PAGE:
Stanza is a very interesting ebook reading application. For starters, it’s not only for reading content you already own, you can purchase and download new content into your online library.

Which means that Stanza’s aware of many different online publishers (and differing eBook formats) of both free and paid ebooks.

To make Stanza work with your own eBook library, you’ll need to download and install the appropriate Stanza desktop client (Mac, PC).

Depending on your configuration (iPhone or iPod Touch) you’ll need to make sure your desktop application and portable versions of Stanza can ‘see’ each other. Here’s an excellent writeup on exactly how to do that.

One drawback for me; to transfer your existing library, you have to move one book at a time. You can’t (at least as far as I could tell) move multiple eBooks in one pass.

Reading on Stanza is pretty comfortable, and intuitive; tap on the right side of the screen to turn the page, the centre to adjust your settings, the left to flip back a page. Drag up or down to adjust the screen brightness.

So, for me, Stanza is the eBook reader of choice. It is clunky to get the content into my iPod Touch, but once it’s there, the reading experience is just a bit nicer.

Your mileage may vary. I’d be interested in reading your experiences with eBook readers…or suggesting others for me to look at…I’m sure I haven’t seen them all for the iPhone yet.

Update Sept. 30, 2009: The native application for iPhone and iPod Touch was released yesterday, and you can view (online and off) many of the file types mentioned above. I ‘touch’ on it a bit more here, but if you’d rather jump right in, check it out over at Dropbox.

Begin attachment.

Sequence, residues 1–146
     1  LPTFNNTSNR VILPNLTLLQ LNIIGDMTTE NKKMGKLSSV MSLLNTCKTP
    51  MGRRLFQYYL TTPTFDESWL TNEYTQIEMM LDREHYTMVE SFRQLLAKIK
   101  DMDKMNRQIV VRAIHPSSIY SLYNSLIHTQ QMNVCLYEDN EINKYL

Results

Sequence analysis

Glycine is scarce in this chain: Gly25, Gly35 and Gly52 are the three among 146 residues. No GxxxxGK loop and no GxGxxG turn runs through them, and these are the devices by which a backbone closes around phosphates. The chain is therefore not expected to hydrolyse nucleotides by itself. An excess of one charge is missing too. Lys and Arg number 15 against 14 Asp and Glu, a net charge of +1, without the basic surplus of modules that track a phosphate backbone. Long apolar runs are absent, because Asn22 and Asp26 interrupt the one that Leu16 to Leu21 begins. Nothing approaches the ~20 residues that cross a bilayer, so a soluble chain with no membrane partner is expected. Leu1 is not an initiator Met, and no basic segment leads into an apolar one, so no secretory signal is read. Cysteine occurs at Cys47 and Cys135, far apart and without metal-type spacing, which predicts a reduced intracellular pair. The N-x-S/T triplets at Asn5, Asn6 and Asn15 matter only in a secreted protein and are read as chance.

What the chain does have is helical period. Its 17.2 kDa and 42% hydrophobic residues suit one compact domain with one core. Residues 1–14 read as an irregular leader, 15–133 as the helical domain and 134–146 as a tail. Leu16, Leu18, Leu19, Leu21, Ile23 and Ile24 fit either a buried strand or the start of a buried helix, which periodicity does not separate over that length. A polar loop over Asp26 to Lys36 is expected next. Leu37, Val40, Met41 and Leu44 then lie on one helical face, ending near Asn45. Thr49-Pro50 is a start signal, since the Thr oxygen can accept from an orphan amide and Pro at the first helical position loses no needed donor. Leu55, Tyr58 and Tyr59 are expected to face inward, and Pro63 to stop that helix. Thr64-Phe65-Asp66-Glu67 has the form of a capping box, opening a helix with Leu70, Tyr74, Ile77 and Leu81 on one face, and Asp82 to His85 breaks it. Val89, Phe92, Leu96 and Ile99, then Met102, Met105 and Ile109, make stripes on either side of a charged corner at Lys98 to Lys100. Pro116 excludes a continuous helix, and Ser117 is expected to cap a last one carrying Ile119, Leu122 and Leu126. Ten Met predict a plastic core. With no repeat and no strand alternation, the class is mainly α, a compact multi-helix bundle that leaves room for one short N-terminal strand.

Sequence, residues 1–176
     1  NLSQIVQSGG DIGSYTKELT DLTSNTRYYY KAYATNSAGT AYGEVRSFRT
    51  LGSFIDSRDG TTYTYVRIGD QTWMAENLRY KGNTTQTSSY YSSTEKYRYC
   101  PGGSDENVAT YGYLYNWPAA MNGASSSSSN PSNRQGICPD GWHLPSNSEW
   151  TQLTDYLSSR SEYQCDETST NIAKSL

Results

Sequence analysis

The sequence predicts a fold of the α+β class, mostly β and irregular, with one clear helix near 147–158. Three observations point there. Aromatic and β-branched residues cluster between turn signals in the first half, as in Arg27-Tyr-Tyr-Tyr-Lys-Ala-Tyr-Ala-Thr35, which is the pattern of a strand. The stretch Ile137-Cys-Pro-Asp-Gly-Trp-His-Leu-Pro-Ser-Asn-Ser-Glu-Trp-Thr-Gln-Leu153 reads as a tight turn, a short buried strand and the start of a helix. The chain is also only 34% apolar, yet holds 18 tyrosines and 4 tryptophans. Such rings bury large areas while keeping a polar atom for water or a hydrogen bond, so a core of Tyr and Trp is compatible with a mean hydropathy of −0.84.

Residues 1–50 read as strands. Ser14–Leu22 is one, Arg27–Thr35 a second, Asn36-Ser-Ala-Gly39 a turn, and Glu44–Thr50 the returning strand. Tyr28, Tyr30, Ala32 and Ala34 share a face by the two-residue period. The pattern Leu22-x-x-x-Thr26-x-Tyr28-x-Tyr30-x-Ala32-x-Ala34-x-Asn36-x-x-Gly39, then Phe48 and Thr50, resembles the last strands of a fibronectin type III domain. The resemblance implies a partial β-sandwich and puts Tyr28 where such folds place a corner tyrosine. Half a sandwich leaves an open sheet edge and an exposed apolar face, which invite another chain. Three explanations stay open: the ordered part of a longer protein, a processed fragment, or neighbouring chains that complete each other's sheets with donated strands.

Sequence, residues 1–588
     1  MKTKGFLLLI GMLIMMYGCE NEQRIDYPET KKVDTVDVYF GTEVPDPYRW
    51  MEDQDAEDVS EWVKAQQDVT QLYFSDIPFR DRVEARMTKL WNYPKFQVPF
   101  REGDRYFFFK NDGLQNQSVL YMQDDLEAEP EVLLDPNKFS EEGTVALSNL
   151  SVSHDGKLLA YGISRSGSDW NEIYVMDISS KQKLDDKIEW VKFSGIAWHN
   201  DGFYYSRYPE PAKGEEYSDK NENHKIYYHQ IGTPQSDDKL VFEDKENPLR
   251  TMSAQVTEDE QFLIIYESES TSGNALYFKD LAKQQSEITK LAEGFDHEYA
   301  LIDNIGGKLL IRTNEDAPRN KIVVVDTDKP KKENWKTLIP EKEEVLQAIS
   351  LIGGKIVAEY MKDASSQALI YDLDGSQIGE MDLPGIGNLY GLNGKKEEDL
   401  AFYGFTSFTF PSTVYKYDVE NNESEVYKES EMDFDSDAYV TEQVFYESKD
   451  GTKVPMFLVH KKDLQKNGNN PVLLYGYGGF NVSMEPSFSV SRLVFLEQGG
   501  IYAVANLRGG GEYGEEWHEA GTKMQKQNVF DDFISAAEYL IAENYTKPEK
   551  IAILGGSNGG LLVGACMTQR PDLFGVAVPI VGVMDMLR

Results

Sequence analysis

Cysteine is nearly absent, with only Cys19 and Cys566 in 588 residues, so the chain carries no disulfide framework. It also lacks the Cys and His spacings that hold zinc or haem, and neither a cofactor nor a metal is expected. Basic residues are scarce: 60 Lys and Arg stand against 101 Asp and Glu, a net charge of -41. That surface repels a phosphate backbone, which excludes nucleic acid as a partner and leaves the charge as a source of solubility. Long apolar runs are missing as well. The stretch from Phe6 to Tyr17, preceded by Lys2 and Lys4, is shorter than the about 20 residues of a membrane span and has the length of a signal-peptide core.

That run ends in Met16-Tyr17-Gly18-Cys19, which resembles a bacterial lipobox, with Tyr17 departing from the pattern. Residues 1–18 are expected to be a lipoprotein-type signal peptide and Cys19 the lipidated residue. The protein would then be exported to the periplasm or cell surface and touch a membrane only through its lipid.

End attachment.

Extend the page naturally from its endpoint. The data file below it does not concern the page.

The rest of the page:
Top photo courtesy David Sifry
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27 Responses to How to view PDF and other files on your iPhone and iPod Touch

  1. Hi Damian, thanks for that.

    Do try out Stanza — I find that between the two of them you get the best options for reading PDFs. If one doesn`t display a PDF properly or nicely formatted, the other ususally will.

  2. Is there a way to do this “over the cable?” When travelling I usually have 3G access on my iPhone. I have docs to go so I can read and modify any file I receive but working on a large doc on the iPhone is cumbersome. I want to transfer the file to my lap top “over the cable” as there isn’t a wireless network available, then edit it, then transfer it back for emailing on to the next person. If there was a wireless network I’d just do everything on my PC. When tethering for the iPhone is available without jail breaking my problem wil be solved but who knows when if ever that will happen.

  3. tried files lite and dropbox. nice, although it would be perfect if i didn’t have to reach page 376 by flipping one page at a time. that’s pretty much a deal breaker for me.